Step B: In a separate container add 0.38 grams of natural vitamin E oil (Sigma Aldrich, St. Louis, Mo.) to 320 grams of sunflower lecithin (GIRALEC—Austrade, Inc., Palm Beach Gardens, Fla.) and 60 grams of oleic acid (Sigma-Aldrich). Mix thoroughly.

Step C: Start the agitation in the Kitchen Aid™ mixer at medium speed (about 40-50 RPM) and slowly pour in (add at approx. 100 ml/min.) the 380 grams of vitamin E treated sunflower lecithin plus oleic acid. Mix for 2-3 minutes at medium-high speed (approximately 50-70 RPM) until the liquid is completely adsorbed.

Step C: While continuing to mix slowly add 560 grams of Microcel MC-132 microcrystalline cellulose (Blanver, Boca Raton, Fla.) and continue to mix for another 1-2 minutes.

Step D: Add 22 grams of Pirosil™ silica (AIC, Inc., Framingham, Mass.) to the mixture and continue to mix for 2 additional minutes.

The final product is a free flowing white powder containing 26.4% sunflower lecithin and 5% oleic acid by weight. DSNRP #2 in dry probiotic formulations (to be filled into capsules) would be preferably 10% by weight of the formulation, where the probiotic dose rate is two 500 mg capsules per day. This provides 100 mg of DSNRP #2 containing 26 mg of sunflower lecithin and 5 mg of oleic acid). When these two capsules are taken with a 50 gram carbohydrate snack, the resulting concentration of the combined active ingredients will be 0.062%—an effective amount according to the results indicated herein.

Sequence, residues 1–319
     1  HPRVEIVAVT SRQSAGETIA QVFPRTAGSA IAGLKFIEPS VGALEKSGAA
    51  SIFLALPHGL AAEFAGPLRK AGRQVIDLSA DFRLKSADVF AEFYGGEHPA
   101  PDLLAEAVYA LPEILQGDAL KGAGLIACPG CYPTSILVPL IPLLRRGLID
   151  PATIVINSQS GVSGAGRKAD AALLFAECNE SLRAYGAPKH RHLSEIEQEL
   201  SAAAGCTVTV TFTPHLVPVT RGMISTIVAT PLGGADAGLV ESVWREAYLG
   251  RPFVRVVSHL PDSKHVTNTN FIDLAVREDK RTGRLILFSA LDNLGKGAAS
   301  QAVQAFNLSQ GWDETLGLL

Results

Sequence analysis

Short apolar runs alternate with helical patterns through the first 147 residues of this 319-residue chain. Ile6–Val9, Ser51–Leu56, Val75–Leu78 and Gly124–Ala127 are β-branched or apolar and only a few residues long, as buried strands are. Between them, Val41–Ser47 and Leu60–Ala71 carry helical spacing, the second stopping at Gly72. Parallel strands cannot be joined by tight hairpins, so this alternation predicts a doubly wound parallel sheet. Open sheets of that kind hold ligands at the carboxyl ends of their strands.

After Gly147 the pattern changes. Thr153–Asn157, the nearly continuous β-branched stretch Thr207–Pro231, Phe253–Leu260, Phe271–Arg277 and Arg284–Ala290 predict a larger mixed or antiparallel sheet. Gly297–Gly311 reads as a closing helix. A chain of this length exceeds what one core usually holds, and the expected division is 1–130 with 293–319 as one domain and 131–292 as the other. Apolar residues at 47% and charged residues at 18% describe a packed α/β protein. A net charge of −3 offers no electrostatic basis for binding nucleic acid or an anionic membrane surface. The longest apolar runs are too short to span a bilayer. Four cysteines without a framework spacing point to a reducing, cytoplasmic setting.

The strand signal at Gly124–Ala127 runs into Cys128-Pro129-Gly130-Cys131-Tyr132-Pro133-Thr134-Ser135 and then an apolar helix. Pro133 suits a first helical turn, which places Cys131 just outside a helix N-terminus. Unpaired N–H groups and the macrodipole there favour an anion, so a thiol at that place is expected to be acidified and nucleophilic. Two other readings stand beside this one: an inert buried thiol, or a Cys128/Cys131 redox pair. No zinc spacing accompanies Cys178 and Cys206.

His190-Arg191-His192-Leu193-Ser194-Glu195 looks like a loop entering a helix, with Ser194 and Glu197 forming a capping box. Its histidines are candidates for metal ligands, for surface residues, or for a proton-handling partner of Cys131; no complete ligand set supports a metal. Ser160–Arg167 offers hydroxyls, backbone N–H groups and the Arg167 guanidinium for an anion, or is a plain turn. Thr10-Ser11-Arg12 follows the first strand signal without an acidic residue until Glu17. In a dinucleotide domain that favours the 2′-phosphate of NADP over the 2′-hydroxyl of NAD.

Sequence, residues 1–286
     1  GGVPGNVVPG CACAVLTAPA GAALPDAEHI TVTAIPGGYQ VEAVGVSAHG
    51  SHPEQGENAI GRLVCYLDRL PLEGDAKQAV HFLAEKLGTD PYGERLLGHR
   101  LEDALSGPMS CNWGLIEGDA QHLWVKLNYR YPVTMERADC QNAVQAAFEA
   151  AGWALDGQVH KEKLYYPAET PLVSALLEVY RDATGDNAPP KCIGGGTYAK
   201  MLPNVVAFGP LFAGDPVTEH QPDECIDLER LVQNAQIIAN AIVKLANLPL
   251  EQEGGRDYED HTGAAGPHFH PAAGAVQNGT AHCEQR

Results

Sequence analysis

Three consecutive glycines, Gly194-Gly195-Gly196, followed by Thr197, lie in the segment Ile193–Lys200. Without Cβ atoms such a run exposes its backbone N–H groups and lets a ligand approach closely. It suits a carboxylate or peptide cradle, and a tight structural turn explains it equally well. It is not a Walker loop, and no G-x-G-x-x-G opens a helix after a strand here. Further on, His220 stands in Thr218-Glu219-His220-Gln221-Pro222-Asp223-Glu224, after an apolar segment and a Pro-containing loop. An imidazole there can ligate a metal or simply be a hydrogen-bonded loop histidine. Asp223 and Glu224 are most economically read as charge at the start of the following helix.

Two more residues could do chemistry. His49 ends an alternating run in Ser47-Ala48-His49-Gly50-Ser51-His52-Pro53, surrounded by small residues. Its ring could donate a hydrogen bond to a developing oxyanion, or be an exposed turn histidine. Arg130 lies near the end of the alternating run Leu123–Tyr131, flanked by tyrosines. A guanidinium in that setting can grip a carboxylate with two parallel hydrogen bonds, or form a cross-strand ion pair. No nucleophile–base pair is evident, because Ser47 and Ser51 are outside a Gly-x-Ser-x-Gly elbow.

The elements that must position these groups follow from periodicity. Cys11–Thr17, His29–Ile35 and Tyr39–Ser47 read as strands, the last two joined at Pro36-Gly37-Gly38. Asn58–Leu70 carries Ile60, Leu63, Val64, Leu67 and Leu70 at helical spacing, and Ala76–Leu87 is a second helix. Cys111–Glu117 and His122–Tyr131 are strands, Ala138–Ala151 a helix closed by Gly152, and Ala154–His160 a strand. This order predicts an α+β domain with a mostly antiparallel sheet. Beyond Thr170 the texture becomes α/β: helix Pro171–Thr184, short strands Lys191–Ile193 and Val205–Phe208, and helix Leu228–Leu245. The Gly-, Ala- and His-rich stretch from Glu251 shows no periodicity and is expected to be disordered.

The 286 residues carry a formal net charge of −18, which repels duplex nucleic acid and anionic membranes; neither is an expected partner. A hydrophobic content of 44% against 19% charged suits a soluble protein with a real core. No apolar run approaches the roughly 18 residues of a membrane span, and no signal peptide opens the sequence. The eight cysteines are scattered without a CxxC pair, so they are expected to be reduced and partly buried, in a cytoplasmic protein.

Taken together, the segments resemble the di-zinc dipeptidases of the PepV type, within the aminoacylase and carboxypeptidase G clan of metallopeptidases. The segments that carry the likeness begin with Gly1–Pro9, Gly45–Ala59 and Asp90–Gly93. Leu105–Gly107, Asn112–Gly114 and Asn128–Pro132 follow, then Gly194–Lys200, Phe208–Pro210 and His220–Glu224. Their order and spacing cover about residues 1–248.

EXAMPLE 13 Preparation of a Dry, Stable, Non-Reactive Prebiotic (DSNRP #3) for Use in Commercial Probiotic Formulations

Step A: Add 780 grams of Perfectamyl D6 potato starch (National Starch-Avebe, Bridgewater, N.J.) to the bowl of a Kitchen Aid™ orbital mixer utilizing the wisp attachment for agitation.

Step B: In a separate container add 0.12 grams of natural vitamin E oil (Sigma-Aldrich, St. Louis, Mo.) to 100 grams of soy lecithin (ADM, Inc., Decatur, Ill.) and 20 grams of extra-virgin olive oil. Mix thoroughly.

Step C: Start the agitation in the Kitchen Aid™ mixer at about 40-50 RPM and slowly pour in (add at approx. 100 ml/min.) the 120 grams of liquid from step B. Mix for 3-4 minutes until completely adsorbed.

Step C: While continuing to mix slowly add 80 grams of Avicel PH112 brand (FMC Corp., Philadelphia, Pa.) microcrystalline cellulose and continue to mix for another 2-3 minutes.

Step D: Add 20 grams of Syloid 63 silica (W.R. Grace, Inc., Columbia, Md.) to the mixture and continue to mix for 3 additional minutes.